Service, part 1.

A two-part post (if and when I get around to the second part) discussing two cases where I had a tricky situation–one involving a government agency and one involving a private company. Both ran over several months. One turned out very well, leaving me mostly feeling positive about the people involved. One turned out…well, unsatisfactorily or not at all.

I’m guessing some of you will make the wrong assumption as to which is which.

First, let’s talk about Social Security.

I postponed taking Social Security for a little over a year from when I was first eligible, because I thought it made sense to do so, based on sources I read and my own calculations.

Briefly: Just as you lose 8% forever if you start taking SS a year early, 16% two years early, and 24% three years early, you gain 8% if you start taking it a year late, 16% two years late, 24% three years late.

Taking it late is gambling that you’ll live more than 12 years past the point at which you do start taking it, since that’s how long it takes to make up for the payments you’ve missed. (Actually just a bit more than 12 years, but it’s close enough.) So, for example, postponing it to age 67 instead of 66 is gambling that you’ll live significantly past 79; at age 68, significantly past 80… Based on my own health and my family history, my wife & I thought the “significantly past 79” was a good gamble.

Here’s where I should bitch about how terribly complex and tedious it is to apply for social security. Except that it isn’t–as with much of the Federal Government, the web site’s well-designed and the application process was remarkably smooth.

Not too long after sending in my application, I got the letter with the amount I was going to get. And, based on what I’d seen in the annual letters, it struck me that I wasn’t getting credit for the extra year–that the payment was somewhere between 7% and 8% below what it should be.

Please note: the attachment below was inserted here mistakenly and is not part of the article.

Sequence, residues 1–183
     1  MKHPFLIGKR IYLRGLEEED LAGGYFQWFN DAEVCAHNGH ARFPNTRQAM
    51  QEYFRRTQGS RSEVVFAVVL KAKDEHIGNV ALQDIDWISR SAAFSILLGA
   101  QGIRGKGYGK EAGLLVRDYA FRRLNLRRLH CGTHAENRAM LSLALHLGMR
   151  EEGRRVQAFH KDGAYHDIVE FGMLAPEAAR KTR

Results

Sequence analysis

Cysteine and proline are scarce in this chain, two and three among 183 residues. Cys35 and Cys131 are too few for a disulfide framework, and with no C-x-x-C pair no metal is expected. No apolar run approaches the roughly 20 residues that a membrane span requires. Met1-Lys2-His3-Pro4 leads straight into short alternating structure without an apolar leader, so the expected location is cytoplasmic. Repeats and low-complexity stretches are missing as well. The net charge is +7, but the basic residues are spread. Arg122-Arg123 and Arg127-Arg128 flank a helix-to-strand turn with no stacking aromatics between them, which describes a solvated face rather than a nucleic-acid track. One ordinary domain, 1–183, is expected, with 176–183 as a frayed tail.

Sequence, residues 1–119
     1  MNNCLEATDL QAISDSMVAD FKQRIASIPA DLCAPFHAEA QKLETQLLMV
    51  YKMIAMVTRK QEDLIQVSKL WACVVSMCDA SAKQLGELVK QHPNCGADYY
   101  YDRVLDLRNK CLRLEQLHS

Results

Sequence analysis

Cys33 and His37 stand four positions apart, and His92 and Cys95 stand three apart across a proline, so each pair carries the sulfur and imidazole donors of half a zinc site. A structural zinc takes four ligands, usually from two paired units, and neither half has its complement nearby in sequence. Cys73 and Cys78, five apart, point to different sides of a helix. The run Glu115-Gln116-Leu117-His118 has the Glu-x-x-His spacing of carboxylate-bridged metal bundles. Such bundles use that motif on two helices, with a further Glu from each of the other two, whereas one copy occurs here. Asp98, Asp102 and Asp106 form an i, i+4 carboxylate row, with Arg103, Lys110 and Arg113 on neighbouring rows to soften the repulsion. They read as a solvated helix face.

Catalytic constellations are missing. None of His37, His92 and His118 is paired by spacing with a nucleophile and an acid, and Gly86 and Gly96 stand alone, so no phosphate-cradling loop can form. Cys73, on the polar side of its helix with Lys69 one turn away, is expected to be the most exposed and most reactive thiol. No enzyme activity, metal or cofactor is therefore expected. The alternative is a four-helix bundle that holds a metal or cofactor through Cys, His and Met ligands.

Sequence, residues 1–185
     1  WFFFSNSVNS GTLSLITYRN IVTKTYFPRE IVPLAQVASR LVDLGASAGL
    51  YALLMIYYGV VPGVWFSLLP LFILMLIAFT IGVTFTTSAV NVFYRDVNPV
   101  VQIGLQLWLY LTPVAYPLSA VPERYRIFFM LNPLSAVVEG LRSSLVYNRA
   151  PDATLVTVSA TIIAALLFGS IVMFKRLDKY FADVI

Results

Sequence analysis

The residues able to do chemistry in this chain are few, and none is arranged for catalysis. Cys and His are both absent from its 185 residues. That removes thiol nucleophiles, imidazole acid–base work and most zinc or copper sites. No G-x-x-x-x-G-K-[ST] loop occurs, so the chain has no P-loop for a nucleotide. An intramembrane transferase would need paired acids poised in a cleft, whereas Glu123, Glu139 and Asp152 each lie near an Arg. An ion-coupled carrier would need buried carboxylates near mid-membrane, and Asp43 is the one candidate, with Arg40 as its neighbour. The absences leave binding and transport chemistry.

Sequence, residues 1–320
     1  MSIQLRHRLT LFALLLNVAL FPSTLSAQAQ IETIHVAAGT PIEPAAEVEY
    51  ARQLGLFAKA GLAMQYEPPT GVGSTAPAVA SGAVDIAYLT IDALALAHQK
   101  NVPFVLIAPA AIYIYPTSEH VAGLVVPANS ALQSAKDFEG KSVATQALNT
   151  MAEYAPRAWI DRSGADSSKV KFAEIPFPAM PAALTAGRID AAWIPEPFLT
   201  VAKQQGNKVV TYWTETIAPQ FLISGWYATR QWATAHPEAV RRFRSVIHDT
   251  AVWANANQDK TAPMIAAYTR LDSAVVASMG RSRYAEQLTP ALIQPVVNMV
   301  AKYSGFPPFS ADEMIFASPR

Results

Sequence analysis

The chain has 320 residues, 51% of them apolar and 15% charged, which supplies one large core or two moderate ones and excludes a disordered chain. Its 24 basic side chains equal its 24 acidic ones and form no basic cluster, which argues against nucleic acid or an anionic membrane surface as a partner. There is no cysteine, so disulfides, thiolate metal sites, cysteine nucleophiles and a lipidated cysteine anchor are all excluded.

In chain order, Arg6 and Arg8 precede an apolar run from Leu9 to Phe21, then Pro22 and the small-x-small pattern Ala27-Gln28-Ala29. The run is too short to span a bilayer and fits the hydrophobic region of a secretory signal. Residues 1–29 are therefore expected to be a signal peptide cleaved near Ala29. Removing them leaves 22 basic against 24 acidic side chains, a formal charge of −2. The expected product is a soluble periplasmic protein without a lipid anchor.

So I called the national number, waited for a while, and talked to somebody. Who basically agreed that it didn’t quite look right. A local agent called and, after some discussion, said “You’ll see the extra at the start of the new year.” That struck me as odd. I filed an appeal. Another local agent called, asked if I really wanted to appeal, repeated that it would probably show up at the start of the next year… and that I could then appeal after the start of the new year (2013). I looked carefully through the website again, and there was one place where the possibility of extra showing up in a new year was raised. So I held off.

When the new year began, I got another letter, indicating the cost-of-living increase. And nothing else.

So: Back to the national number. The agent did some calculations, once again said “that doesn’t quite sound right,” and said they’d flag my record, which meant the local office would get back to me–at which point I could appeal if I didn’t like the results. The agent also said something else I found telling: Basically, that they really didn’t have to deal with delayed applications very often…that, despite all the financial advisers suggesting that “if you can, you should postpone Social Security for a couple of years,” nobody seemed to be doing that. So, although this was never said, maybe the agents doing the local calculations just weren’t very familiar with the delay option…

It took a while–long enough that I once again called the national number again, and was told my account was still flagged. Then I got another letter. Which, as I did the calculations, raised my payments to within 1% of what I thought it should be. (And not paying the extra for the end of last year, which I still find odd but in this case truly trivial, but paying the extra for the first few months of this year.)

So: I’m happy. It took a little while and a couple of phone calls, but the people on the other end of the line always seemed polite, knowledgeable and out to help me, and in the end I was made whole.

Given the sheer number of accounts SSA has to deal with, the delay probably wasn’t unreasonable. I give them a Win on this situation.

[But then, I’m one of those who regard USPS service as nothing short of remarkable, especially given that U.S. postage prices are some of the lowest in the world; how they can handle Netflix cycles as fast as they do tells me a lot, and I’ll choose them any time for package delivery as well. And I think CA DMV does pretty damn well, all things considered. So, you know, I’m a sucker for government services that perform well despite the obstacles they face, which I think is the case for most government services.]

This is the happy-ending story. The unhappy non-ending story? Maybe later. A little searching through the blog archives (“Panasonic” is the clue) may tell you what you need to know. And maybe no more–other than no, nobody ever did get back to me–is all that need be said.

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